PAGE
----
The love described in the novel, The Great Gatsby, contains “violence and egoism not tenderness and affection.” The author, F. Scott Fitzgerald, writes on wealth, love, and corruption. Two coupes, Tom and Daisy Buchanan and George and Myrtle Wilson, match perfectly with these categories. Both couples are different in the way they choose to live together, but are similar in a few ways. Unfaithfulness and greed are the only similarities the couples shared. Tom, Daisy, and Myrtle were all unfaithful to their spouses.
Their love for themselves far out-weighed their love for each other. Tom and Myrtle had a notorious affair throughout the novel while Daisy becomes very close to her ex-beloved, Jay Gatsby. Even with their new lovers, none of them displayed true love. Each wanted something from the other. Tom wanted the “possession” of Myrtle, Myrtle wanted Tom’s “luxuries and wealth,” and Daisy wanted Gatsby simply for his wealth. Both Tom and Daisy know of each other’s affairs, but neither one truly cares. As the story progresses, it seems as though each of them is trying to make the other more jealous.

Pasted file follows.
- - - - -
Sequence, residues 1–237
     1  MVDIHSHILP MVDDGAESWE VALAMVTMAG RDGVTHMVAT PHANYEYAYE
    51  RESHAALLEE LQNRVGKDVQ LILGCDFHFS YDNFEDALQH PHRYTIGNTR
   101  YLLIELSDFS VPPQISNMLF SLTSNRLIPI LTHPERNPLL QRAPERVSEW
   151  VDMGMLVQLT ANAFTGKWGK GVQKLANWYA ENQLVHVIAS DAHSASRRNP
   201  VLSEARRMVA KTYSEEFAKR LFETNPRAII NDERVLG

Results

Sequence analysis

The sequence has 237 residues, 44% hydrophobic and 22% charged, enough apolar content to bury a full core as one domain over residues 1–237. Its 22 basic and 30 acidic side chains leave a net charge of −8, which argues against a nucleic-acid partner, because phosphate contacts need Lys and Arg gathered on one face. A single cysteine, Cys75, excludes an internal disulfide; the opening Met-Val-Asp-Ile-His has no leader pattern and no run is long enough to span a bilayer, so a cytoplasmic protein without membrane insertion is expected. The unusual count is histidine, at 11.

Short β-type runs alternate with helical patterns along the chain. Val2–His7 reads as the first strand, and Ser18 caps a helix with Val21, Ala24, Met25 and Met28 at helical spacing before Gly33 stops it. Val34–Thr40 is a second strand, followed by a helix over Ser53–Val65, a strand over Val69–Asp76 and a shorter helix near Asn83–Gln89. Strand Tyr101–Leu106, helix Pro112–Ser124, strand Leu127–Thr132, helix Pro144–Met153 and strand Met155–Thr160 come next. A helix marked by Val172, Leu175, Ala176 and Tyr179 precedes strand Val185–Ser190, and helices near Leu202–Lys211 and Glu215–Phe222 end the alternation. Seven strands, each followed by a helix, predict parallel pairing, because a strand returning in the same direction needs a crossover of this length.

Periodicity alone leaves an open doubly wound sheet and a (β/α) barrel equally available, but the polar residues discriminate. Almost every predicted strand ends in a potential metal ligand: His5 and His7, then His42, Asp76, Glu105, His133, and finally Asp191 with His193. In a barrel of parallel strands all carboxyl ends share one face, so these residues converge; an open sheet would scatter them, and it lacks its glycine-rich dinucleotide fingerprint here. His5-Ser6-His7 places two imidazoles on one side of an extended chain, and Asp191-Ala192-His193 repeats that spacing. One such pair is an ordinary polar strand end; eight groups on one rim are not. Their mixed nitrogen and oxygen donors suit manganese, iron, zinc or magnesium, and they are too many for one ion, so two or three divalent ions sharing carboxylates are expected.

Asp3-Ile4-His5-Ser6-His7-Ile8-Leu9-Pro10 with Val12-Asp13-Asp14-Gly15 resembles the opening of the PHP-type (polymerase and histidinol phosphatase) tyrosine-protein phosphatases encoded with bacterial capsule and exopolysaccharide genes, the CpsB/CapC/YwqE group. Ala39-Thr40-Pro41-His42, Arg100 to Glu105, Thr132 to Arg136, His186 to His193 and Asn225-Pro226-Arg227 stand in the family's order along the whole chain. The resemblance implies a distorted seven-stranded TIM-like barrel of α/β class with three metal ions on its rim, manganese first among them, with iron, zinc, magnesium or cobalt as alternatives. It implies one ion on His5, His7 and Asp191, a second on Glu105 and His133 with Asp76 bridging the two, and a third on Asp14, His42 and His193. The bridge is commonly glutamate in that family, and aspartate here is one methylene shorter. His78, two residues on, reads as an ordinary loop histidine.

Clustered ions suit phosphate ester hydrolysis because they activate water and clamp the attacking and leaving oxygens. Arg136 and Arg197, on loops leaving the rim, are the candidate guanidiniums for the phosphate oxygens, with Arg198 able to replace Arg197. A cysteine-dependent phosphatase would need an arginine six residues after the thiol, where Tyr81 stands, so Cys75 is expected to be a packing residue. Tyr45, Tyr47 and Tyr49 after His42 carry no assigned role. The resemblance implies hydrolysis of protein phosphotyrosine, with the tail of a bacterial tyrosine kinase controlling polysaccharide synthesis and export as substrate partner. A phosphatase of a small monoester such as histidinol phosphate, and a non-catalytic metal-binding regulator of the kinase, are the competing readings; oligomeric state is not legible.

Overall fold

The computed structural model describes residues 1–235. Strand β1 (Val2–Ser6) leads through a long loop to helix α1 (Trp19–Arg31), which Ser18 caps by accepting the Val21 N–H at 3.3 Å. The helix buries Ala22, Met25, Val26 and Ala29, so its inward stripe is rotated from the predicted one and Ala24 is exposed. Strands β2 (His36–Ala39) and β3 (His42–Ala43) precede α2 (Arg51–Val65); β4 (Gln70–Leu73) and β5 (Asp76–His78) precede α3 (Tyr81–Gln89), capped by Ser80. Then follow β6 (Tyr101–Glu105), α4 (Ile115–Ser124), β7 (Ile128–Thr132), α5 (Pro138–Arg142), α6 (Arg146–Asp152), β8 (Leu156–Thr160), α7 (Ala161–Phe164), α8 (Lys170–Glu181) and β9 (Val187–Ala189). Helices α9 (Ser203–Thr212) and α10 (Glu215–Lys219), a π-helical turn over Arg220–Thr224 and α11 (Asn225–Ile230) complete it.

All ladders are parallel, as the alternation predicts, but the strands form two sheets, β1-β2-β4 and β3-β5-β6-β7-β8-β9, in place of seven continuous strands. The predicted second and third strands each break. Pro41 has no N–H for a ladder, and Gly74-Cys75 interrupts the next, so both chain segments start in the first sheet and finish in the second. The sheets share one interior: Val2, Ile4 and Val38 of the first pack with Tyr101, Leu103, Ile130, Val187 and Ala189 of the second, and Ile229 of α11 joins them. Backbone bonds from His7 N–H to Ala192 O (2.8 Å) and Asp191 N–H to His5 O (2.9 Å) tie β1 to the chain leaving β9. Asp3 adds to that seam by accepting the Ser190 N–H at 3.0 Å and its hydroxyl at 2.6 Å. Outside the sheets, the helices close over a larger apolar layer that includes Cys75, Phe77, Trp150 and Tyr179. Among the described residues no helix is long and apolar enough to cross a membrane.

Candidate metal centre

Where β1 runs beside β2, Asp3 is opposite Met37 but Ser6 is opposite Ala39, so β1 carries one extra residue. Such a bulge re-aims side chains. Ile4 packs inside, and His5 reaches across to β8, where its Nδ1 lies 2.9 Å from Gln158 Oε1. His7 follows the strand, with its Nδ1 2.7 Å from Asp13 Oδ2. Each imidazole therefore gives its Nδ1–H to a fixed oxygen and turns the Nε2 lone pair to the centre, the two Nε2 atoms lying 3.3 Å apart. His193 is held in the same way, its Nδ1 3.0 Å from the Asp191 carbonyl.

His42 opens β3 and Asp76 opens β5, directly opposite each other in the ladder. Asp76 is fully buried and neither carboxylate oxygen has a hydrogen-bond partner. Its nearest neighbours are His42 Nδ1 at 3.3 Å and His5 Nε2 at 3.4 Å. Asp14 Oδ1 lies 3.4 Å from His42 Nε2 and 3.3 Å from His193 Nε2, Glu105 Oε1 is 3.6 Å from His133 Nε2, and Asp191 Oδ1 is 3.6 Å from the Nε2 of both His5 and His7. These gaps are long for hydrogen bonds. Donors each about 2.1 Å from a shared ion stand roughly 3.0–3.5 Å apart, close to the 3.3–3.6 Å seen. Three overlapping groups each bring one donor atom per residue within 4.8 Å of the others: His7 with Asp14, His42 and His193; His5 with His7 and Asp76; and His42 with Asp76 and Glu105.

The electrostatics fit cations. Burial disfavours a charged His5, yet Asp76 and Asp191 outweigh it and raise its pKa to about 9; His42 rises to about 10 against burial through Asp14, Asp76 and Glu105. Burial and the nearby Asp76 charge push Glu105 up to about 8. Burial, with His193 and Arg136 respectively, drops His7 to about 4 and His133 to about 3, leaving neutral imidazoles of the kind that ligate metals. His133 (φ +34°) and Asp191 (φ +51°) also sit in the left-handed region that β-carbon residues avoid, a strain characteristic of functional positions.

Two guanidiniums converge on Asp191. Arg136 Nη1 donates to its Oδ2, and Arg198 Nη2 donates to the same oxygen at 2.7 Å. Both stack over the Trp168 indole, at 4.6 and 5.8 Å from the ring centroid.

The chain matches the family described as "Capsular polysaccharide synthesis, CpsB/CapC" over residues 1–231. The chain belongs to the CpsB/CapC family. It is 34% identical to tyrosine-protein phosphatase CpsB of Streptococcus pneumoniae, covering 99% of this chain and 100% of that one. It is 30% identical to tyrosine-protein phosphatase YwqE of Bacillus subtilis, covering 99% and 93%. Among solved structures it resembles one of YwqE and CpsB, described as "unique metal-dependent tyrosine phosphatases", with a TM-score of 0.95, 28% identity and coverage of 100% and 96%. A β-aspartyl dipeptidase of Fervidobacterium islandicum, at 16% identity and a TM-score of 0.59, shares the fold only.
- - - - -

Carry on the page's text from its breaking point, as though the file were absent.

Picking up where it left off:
Honesty and Love, two words know only by the faithful, George Wilson. George certainly had his flaws, but he loved his wife dearly and couldn’t live without her. “He was his wife’s man and not his own.” When he became aware of Tom and Myrtle’s affair, he was “really sick, pale as his own pale hair and shaking all over.” He locks her up in fear that she will run away with Tom forever. He stated that, “She’s going to move stay there until the day after tomorrow, and then we’re going to move away.” George thought that by moving out West, where Myrtle wanted to go in the beginning, would solve everything. Before the move could be made, Myrtle was killed; it is here where George’s love is shown most. George becomes extremely upset after Myrtle’s death.
Wilson was reduced to a man “deranged by grief.” Because of the death of his wife, George decides to murder who he believes her killer to be and then commits suicide by shooting himself. Throughout the novel there are many incidents involving love and greed. This is somewhat characteristic of the 1920’s. During this time, many people partied, drank, and had a careless attitude. Neither of these couples experienced a pure relationship, only ones filled with lies and selfishness, not of true, honest love.
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